Whilst sketching the Eicher the weather cleared up and I could hear a rather loud  engine being fired up. This reminded me that there were some Tractor Pullers on display, so I made this my next stop. I wasn't dissaponited as I came across a pair of mini pullers owned by a father and son team. My choice was the smaller of the two 'PANIC', mainly because of the pipe layout.  This particular puller can pull 12 tons over 100m in 25 seconds using a 7.5 litre tuned 850bhp V8 engine. The bigger mini puller 'RELOADED' had a supercharged 9.5 litre V8 producing 2000bhp and could pull 15 tons over 100m in 20 seconds!

To find out more about Power Pulling please go to the Power Pulling Association website:


 PANIC Engine
Supercharged V8

 Massey Ferguson MH 780 Combine

(ink sketch)

Whilst the weather healed out I thought I'd take advantage and sketch one of the great combine harvesters on display. These machines are never made in huge numbers as they are built for a specific purpose unlike a tractor which is used in many ways. There's always great details on these machines and the front is very complicated.

More Photos....

 1960 Trusty 'Steed'
 1959 Rollo 'Croftmaster'
 Ford Pickup
 Caterpillar D2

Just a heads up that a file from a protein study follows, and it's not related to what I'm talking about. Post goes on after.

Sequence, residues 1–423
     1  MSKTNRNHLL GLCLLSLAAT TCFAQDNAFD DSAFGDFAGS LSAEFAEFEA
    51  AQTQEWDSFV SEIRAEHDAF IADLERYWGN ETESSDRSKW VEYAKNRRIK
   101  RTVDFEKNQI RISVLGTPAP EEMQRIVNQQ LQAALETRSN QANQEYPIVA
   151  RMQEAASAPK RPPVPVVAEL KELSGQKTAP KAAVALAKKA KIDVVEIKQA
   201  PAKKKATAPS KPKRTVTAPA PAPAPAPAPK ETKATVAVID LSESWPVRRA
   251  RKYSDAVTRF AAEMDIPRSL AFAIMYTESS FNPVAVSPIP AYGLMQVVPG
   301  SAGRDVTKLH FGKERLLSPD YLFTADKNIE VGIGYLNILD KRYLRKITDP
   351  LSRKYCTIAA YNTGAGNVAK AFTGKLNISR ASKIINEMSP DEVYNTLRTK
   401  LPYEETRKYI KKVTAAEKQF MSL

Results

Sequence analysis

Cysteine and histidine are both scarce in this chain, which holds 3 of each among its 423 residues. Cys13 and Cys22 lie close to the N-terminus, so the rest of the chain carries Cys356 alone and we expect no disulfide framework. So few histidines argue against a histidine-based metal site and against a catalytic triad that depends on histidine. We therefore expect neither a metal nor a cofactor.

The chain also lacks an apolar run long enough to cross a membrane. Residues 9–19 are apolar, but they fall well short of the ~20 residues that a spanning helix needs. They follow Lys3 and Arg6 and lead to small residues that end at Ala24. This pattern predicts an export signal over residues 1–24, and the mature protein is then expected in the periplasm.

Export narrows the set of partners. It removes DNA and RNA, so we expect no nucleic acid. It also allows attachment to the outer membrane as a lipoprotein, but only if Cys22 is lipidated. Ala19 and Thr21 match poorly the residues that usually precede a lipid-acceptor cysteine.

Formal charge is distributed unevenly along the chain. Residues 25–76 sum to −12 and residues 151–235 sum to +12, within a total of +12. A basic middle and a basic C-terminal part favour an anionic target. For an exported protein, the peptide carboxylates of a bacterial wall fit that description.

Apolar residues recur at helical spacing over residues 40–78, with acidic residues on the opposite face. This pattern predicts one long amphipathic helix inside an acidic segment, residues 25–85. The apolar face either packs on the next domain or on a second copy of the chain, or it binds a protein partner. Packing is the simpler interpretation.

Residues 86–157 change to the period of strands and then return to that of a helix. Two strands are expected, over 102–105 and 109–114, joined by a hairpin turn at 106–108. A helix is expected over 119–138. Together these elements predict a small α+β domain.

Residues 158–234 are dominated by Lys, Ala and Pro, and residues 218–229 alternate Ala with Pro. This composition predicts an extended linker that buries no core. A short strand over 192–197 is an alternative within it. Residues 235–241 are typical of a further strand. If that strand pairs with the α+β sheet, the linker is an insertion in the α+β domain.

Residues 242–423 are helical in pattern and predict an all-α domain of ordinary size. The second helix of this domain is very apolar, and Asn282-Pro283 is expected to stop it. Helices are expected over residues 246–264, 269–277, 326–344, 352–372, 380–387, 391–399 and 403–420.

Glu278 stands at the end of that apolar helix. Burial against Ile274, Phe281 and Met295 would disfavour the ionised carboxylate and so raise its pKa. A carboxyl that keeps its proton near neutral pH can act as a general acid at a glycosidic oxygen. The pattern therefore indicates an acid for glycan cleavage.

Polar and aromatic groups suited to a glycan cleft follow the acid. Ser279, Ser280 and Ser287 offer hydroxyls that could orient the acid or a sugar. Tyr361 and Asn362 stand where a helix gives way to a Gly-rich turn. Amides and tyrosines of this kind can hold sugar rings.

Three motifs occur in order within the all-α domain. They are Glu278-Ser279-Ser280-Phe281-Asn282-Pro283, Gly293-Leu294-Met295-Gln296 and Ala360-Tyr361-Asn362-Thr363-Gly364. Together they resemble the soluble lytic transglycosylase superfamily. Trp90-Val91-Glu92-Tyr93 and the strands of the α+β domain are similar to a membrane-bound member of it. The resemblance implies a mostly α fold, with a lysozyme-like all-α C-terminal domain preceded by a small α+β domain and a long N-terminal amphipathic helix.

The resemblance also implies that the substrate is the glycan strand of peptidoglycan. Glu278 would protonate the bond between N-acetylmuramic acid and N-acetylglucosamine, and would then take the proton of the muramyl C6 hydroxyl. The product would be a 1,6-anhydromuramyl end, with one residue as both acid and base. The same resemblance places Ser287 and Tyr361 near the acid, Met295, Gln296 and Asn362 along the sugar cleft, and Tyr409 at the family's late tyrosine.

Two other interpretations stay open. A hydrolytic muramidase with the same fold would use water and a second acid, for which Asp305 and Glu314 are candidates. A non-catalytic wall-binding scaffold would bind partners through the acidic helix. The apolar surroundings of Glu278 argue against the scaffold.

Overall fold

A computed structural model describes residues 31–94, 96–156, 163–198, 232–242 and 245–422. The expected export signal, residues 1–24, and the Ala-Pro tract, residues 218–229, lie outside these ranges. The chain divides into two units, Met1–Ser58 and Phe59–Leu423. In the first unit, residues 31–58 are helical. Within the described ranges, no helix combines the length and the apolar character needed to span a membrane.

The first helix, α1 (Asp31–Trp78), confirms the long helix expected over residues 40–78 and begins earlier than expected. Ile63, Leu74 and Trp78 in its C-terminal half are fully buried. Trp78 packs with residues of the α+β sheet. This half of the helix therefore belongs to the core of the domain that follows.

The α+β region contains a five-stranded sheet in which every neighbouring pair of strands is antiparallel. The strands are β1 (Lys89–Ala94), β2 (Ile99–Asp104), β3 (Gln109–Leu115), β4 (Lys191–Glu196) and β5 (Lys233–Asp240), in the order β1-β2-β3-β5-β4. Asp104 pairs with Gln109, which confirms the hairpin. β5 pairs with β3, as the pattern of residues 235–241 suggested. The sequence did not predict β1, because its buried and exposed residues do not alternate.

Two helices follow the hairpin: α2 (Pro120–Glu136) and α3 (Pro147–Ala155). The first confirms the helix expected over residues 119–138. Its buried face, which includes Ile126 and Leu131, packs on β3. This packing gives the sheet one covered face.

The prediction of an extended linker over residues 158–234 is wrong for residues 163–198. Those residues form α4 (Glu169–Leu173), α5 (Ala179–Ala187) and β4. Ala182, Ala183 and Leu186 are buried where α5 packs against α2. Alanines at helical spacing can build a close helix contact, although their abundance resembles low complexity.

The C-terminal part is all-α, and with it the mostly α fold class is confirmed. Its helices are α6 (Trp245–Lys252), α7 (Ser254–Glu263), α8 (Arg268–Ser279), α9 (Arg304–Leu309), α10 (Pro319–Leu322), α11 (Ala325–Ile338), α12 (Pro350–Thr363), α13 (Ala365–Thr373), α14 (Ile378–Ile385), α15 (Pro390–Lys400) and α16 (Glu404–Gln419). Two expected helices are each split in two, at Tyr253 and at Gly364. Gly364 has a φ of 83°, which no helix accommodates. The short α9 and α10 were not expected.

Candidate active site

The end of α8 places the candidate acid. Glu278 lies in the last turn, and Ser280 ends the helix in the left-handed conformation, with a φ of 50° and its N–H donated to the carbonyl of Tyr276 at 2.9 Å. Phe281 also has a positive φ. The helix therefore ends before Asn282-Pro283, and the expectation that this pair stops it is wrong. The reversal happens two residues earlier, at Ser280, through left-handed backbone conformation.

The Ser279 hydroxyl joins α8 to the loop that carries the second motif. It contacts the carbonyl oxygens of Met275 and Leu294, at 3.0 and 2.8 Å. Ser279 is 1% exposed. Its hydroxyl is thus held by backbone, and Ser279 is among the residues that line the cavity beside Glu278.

1948 O.T.A. Mk1 Rowcrop
 1956 International Harvester BTD 6
 Oliver 70
 Ford 5000 Crawler
 Massey-Harris Pacemaker
1955 Singer Mk4 Monarch

Thursday 22 October 2015

The 22nd Carole Nash Classic Motorcycle Mechanics Show

On my second trip to Stafford Show Ground this year I was fortunate enough to find 3 very special machines to sketch. The October show is mainly classic Japanese machines, there is a scattering of classic clubs and displays within the show and this is where I found the following machines:

c.1959 Ariel 645cc Grass-Track Racing Outfit

(ink sketch)

This Ariel outfit was in the Bonhams auction, it was previously raced and developed by Don Wright of St. Michael's Motors Stamford. The outfit's first incarnation appeared in 1957 but it soon became outclassed by the parallel twins that stared racing at the same time. At the end of 1959 Don decided it was time to improve upon the machine in order to make it more competitive. Sticking with the Ariel engine Don took advice from well known Ariel tuner of the day Laurence Hartley. Using a 1934 Red Hunter barrel, Hartley tuned and bored the barrel up to 645cc. The head used a 1936 factory bronze item intended for a 499cc engine. The piston crown was machined to suit, and Hartley 2 inch Jessops inlet valves installed. The frame itself was developed by Don using a 1950's Red Hunter frame.

The outfit made it's first race appearance in August 1961. Ridden by Don's friends Ken Fisher (rider) and Bill Smith (passenger) the outfit soon began to win at multiple events, most notably at Sleaford where the team achieved six wins in six starts. The 'St. Michael's Motors Special' was later retired after a successful carrier and laid dormant until the 1980's when Don entered it in the Vintage Class. Don died over a decade ago and so the machine has not been raced since. Unfortunately the outfit didn't sell at the auction, I for one hope that it does find it's new owner soon and is used as intended.